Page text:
Forget talk of Web 2.0, it's time for BI 2.0, according to Gartner. The analyst group has laid out its case for improving the use of business intelligence in enterprises.
Speaking at the Gartner BI Summit at the Royal Lancaster Hotel in London on Tuesday, Gartner vice president for research, Andreas Bitterer, said the next generation of business intelligence (BI) would be defined by what it was not.
To begin with, BI 2.0 is not about more suppliers, said Bitterer. "There are too many BI vendors," he explained.
In addition, the sheer number of vendors brings problems for users, added the Gartner analyst. "You cannot get one vendor's software to work with another's," he said. "They do not make it easy." Many vendors deliberately create these incompatibilities to protect their market, Bitterer charged, and this "is understandable, but not helpful". He explained: "There is simply too much software out there from different vendors."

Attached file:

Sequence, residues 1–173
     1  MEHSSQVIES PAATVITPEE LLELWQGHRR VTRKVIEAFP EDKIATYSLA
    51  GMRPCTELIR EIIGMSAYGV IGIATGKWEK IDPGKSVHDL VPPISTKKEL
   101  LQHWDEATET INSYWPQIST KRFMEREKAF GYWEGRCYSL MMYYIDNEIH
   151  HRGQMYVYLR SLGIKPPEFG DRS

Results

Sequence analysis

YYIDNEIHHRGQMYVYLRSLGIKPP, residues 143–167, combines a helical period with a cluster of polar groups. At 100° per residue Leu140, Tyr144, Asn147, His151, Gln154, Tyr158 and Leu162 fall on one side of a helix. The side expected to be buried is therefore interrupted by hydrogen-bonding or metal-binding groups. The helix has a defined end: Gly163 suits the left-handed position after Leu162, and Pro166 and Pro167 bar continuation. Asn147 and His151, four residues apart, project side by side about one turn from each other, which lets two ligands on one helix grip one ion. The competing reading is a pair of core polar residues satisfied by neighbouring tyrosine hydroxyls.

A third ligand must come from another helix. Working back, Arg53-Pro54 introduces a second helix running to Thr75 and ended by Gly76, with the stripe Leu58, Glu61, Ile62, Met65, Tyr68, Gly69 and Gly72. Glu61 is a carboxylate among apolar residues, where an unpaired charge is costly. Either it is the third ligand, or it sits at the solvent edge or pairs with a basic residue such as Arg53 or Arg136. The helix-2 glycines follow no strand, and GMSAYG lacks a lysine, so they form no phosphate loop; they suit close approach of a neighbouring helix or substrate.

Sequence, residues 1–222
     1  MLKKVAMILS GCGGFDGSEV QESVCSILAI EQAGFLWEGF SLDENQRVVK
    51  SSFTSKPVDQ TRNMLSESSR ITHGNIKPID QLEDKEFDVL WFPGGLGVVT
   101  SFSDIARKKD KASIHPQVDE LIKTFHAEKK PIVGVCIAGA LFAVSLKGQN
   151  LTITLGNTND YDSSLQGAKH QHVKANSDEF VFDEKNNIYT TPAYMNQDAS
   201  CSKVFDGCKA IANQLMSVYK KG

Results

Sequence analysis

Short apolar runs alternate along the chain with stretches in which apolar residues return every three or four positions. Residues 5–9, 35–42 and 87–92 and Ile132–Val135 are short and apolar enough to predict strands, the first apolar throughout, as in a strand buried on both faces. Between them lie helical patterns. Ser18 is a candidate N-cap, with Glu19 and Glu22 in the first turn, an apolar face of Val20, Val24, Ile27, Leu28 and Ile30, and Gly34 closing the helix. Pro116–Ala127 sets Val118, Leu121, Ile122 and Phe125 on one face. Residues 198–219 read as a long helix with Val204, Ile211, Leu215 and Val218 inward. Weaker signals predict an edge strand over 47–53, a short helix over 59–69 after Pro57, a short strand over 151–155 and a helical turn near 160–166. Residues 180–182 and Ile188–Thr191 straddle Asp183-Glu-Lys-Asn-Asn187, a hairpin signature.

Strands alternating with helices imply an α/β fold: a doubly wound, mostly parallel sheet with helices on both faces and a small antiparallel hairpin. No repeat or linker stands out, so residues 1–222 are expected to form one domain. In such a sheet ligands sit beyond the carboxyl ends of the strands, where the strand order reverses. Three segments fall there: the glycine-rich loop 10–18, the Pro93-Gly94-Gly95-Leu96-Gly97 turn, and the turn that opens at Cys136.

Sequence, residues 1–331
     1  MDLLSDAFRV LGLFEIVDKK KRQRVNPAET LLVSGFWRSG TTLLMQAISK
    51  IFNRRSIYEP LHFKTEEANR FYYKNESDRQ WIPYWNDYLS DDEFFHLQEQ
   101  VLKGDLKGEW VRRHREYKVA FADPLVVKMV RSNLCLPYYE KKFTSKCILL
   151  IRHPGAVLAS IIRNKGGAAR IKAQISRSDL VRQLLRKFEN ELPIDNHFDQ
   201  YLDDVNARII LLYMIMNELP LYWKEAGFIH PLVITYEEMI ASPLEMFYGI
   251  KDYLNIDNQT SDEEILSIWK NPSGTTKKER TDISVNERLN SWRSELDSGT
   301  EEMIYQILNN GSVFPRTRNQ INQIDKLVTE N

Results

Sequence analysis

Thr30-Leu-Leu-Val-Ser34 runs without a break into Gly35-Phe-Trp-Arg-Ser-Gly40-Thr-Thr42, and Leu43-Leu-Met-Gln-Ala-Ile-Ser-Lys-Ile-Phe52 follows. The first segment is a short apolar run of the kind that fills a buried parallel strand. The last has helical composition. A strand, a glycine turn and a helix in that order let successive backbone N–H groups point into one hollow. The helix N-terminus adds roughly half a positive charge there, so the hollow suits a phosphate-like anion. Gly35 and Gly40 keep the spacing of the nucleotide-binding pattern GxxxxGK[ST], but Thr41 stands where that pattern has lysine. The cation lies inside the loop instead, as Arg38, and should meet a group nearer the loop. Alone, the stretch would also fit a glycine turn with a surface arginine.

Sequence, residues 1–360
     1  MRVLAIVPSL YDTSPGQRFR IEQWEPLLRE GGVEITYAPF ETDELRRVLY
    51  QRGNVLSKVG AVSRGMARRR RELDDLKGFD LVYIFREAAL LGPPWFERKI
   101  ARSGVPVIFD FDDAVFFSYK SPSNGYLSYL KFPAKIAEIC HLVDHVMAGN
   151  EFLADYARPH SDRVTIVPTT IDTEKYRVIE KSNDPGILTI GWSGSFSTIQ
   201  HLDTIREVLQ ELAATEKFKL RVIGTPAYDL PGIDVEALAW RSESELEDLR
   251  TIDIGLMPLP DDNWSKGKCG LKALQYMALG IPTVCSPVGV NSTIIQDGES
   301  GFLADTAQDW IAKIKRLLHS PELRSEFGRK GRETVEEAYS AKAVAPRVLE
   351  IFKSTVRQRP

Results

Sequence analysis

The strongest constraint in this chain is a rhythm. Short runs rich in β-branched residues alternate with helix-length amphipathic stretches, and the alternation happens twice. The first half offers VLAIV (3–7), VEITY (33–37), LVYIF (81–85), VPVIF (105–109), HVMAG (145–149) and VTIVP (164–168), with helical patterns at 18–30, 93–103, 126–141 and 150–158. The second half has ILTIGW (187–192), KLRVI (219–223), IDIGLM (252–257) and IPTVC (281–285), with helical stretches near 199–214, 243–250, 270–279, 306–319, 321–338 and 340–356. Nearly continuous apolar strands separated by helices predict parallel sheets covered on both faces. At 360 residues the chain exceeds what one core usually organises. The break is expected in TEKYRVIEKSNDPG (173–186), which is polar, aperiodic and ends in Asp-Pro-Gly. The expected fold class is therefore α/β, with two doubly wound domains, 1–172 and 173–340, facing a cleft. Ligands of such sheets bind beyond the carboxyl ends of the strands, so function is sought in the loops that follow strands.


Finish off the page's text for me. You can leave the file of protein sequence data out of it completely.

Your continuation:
Gartner's annual CIO survey showed that BI is still an important subject in the minds of senior IT managers. BI was number-one for the second year in a row while, perhaps surprisingly, ERP (enterprise resource planning) lay in second place. Changes to servers that involved the adoption of virtualisation moved into second place, while the related field of the modernisation of legacy technology was in fourth.
Commenting on the survey, Bitterer said, managers must understand that "BI is not a project, it doesn't have an end as such". BI is a continuous process within companies in order for it to be of "any value", he said.
One of the most important points that organisations had to understand was the issue of "dirty data", or information that was added incorrectly to begin with or had been corrupted. While it is acknowledged as an issue, according to Bitterer, organisations "underestimate the size of the issue".
"Dirty data is not an exception," he said. "There is not a company on the planet that does not have a data problem."
Apart from the data issue, other pet hates of Bitterer included "management by Excel", which he felt limited thinking about some of the possibilities available through BI, and the question of who is looking after a company's data.
Organisations need "data stewards" said Bitterer, people who are responsible for policing the collection and storage of data, and it was "essential" that they were not the most senior people in a company, but people who understood the data and where and how it was collected.